Drug And Alcohol Abuse

What Is Drug/Alcohol Abuse?

There are many reasons we might initially try alcohol or drugs, e.g. curiosity, peer pressure, stress or difficulties at home or at work. However, drug or alcohol use can quickly turn into abuse which isn’t something we should take lightly.

Drug or alcohol abuse occurs when these substances are used excessively or in the wrong way. Abusing drugs or alcohol can be detrimental to our physical and mental health and, in severe cases, it can be life-threatening. Both of these substances alter how we think, feel and act, often resulting in diminished interest, failure to meet obligations, loss of control and relationship issues.

It is important to become aware of potential substance abuse as early as possible, before it turns into an addiction. Early recognition of symptoms increases the chances for successful treatment. 

Note: the information provided in this module is not designed to diagnose you but rather to demonstrate the consequences of drug/alcohol abuse and to point you in the direction of relevant resources to help you if you are struggling right now.

What Is An Addiction?

A drug or alcohol addiction is a serious condition where a person cannot stop using a substance, despite the harm it causes them. Often, this is done to avoid uncomfortable withdrawal symptoms. The person may be unaware of, or deny their addiction and go to great lengths to hide it from their loved ones.

It is important to remember that no one ever plans to become an addict. Addiction is a serious health condition that heavily impacts how someone thinks, feels, and acts. By the time they realise that they have a problem, the drugs or alcohol may have seized control, making the person unable to stop using on their own.

If you have tried to cut back on your own and weren’t able to, you may want to try other options and look at our helplines.

Note: videos depict scenes containing alcohol and/or other drugs, so if that is something that triggers you, you might want to decide not to watch them.

How Does This Link To The MyMynd Assessment?

If your indicator for alcohol and drug abuse was in the at-risk range following your assessment it means that you may be experiencing problems with alcohol and/or drug use. You may currently be using either or both of these substances excessively or in the wrong way. You may be experiencing trouble sleeping, diminished interest, failure to meet your obligations and/or relationship issues. You may be unable to stop using the substance, even though you want to. If this is the case, we recommend that you SEEK MEDICAL HELP from your GP as soon as possible.

If you cannot wait to speak to your GP then please contact one of the helplines listed below.

It is also important to consider that all of the indicators in the MyMynd assessment are fundamentally linked. This means that whether your score for alcohol and drug abuse is at-risk, optimal or somewhere in between, there are various tools that you can use to enhance your resilience and increase your coping ability. Take some time to revisit the Wellness Centre and look through all of your individual indicator scores.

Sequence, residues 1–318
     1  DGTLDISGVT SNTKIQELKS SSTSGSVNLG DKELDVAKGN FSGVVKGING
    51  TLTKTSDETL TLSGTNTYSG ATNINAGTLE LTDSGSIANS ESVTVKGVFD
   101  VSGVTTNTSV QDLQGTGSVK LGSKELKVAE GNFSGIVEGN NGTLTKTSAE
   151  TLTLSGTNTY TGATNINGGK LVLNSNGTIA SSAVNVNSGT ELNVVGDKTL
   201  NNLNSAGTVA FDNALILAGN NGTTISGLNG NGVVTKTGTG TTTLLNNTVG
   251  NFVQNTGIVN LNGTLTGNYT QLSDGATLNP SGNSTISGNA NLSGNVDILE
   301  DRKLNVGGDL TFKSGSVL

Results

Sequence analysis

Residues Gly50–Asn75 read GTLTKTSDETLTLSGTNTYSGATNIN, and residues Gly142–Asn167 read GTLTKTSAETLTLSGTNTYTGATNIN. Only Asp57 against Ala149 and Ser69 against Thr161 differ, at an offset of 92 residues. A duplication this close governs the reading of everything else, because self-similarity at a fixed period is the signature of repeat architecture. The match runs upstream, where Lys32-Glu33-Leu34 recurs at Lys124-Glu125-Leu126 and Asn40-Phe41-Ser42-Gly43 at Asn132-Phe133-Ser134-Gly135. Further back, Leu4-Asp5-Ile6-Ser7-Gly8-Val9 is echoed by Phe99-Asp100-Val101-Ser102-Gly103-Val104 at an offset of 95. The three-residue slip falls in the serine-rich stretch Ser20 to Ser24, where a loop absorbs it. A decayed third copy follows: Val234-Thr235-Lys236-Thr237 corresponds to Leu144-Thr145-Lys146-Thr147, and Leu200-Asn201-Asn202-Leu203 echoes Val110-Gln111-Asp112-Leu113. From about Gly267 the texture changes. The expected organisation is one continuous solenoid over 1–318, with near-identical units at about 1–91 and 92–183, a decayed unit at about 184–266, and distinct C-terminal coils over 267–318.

Some indicators are linked more closely than others. For example alcohol and drug abuse is closely linked to hope, happiness and social relationships. By working on improving your scores in these areas you will be better equipped to handle adversity and may also start to see improvements in other areas as a result.

Looking after your mind is just as important as looking after your body and the tools we provide are designed to help you do that.

Government Guidelines

For many legal substances, such as alcohol or nicotine, it is difficult to draw the line between use and abuse. People have differing opinions and beliefs on what is and isn’t acceptable and different countries have different legal rules surrounding the use of alcohol and other drugs.

The UK government publishes guidelines for ‘low risk drinking’, produced by the four chief medical officers. These provide the most up-to-date scientific information and are intended to help us make informed choices about our own alcohol consumption.

Click here for a nice summary of the report. They advise to drink no more than 14 units a week on a regular basis. This is the equivalent of 6 pints of beer or 6 medium glasses of wine a week. 

Emergency Helplines



Call: 0300 123 660 

Website: talktofrank.com


(Mon-Fri: 9am-8pm, Sat-Sun: 11am-4pm)

Call: 0300 123 1110

Website: drinkaware.co.uk 

Alcoholics Anonymous


(10am-10pm, Daily)

For family and friend’s of those affected by alcohol abuse

Call: 0800 0086 811

Website: al-anonuk.org.uk

We Are With You

For over 50s

Call: 0808 801 0750

Website: wearewithyou.org.uk

Narcotics Anonymous


Call: 0300 999 1212

Website: ukna.org

Download List Of Helplines

Online Meetings

Smart Recovery


Website: smartrecovery.org.uk

Gay & Sober

Additional Resources


Below are some links to helpful articles and videos that provide more information on the warning signs of drug and/or alcohol abuse as well as tips for managing symptoms.

Note: videos depict scenes containing alcohol and/or other drugs, so if that is something that triggers you, you might want to decide not to watch them.